A group of five men were hospitalized after eating fugu — or poisonous pufferfish — at a restaurant in Wakayama, Japan. According to the Wall Street Journal, the men — who were all in their 40s and 50s — "pleaded" with a restaurant owner to serve them fugu liver in a hot pot. The fish is known to contain deadly toxins in certain parts of its body including the liver. This is why Japanese food safety laws prohibit restaurants from serving pufferfish liver. The FDA's website adds that the toxins in pufferfish are "more deadly than the poison cyanide and can affect a person's central nervous system." However, the fish is considered to be a delicacy by many.
Approximately five hours after eating the liver, the group of men "began showing symptoms of nausea, dizziness, and difficulty breathing." A Japanese official notes that all five were taken to the hospital, but that they are recovering. The Guardian writes that the restaurant that served the pufferfish liver was shut down on Sunday for five days.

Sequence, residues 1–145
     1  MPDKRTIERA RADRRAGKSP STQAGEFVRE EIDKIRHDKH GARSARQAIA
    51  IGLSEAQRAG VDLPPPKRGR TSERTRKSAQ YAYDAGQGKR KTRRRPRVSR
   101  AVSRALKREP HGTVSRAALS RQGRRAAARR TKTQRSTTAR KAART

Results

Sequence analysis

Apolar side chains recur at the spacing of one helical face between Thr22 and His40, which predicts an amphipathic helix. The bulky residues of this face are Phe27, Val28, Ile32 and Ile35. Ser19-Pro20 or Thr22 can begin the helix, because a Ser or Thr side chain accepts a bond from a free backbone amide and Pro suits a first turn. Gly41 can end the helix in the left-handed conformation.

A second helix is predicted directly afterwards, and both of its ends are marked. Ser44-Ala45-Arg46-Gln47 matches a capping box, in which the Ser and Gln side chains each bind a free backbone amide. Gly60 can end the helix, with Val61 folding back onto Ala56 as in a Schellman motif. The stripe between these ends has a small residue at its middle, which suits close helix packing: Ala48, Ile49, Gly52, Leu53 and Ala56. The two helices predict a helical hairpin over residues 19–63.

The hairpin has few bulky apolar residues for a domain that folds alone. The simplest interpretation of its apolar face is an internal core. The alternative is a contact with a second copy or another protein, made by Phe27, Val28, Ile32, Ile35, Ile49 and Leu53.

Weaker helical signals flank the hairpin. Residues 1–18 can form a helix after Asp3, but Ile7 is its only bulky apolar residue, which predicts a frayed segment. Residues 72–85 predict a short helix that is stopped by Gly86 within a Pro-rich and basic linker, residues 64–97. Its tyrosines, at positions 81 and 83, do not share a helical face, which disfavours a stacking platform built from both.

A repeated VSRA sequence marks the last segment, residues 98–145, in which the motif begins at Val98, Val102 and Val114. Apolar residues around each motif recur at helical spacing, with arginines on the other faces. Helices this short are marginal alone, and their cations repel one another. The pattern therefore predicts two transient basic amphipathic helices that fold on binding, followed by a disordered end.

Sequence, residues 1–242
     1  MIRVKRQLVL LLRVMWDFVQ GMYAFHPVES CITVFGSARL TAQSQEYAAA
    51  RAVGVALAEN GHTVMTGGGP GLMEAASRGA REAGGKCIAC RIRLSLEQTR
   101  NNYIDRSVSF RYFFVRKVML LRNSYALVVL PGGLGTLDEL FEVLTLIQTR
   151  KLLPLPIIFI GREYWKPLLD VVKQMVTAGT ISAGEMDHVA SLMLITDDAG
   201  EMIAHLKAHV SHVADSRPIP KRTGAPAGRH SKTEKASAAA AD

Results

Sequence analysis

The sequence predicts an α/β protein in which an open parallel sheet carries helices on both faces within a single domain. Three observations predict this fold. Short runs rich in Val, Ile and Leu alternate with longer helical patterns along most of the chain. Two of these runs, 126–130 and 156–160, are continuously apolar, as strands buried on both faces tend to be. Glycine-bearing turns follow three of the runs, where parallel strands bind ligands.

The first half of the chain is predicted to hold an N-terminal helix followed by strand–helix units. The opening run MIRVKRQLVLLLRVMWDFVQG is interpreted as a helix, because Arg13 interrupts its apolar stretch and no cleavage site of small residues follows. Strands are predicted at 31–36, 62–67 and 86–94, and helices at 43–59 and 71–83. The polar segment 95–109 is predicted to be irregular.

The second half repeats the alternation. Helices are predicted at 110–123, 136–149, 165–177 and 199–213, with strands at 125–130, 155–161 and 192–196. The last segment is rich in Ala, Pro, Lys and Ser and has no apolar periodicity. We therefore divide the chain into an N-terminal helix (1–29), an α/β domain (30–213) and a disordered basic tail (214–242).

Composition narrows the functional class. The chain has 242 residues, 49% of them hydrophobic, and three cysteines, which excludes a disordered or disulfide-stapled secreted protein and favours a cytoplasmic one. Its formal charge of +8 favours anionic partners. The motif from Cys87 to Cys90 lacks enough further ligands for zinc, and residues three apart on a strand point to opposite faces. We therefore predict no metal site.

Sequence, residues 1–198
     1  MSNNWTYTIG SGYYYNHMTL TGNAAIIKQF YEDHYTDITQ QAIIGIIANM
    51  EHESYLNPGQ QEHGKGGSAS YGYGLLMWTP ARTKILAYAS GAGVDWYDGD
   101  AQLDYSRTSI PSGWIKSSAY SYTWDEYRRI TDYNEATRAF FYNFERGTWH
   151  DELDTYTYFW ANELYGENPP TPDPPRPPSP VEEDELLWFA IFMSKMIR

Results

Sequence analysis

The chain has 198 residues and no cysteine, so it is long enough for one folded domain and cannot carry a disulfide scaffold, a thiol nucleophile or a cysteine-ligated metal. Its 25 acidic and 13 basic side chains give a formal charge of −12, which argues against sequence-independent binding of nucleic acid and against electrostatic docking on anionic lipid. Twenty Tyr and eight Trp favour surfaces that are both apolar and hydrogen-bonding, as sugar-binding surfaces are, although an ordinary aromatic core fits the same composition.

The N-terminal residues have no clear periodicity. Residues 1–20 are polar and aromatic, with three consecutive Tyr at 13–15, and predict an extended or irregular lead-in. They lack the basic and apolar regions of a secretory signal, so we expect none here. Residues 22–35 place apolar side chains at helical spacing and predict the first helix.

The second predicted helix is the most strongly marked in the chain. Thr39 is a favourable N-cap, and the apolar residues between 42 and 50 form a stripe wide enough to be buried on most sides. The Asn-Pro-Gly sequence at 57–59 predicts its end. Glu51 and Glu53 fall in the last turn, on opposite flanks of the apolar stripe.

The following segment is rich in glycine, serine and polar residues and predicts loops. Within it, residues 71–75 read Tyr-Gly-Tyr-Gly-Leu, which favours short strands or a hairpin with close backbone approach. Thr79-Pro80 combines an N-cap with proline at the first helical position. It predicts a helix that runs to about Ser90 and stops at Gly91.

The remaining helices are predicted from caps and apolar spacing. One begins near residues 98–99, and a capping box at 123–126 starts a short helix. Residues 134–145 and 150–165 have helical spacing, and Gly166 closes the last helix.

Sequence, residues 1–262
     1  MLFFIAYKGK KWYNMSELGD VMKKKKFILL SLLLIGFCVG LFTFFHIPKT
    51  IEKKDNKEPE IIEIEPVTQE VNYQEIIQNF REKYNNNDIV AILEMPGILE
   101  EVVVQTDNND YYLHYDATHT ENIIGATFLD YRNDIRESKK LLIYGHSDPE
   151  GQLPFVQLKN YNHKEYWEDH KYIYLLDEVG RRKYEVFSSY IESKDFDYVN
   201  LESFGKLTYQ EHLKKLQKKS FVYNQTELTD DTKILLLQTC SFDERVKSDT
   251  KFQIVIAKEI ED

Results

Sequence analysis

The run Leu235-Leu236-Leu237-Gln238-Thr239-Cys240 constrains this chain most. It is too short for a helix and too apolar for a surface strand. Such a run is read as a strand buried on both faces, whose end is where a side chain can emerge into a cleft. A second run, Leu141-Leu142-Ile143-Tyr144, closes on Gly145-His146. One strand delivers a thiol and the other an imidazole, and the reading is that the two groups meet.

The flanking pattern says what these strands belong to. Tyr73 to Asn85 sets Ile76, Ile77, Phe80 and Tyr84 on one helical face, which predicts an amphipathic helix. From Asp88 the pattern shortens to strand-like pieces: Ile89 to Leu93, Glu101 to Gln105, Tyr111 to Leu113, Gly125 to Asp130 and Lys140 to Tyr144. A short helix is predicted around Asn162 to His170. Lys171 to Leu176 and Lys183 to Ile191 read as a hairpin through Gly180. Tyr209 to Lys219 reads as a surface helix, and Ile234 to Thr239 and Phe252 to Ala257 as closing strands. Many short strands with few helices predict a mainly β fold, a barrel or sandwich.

To serve pufferfish, chefs must undergo intensive training which includes a "stringent exam" and practical tests. Sometimes, the training is not enough. In 2011, the chef at Tokyo's Michelin starred restaurant Fugu Fukuji had his license to serve pufferfish taken away after a customer ended up hospitalized.
Eater Video: Eating Deadly Fugu Fish with Casey Neistat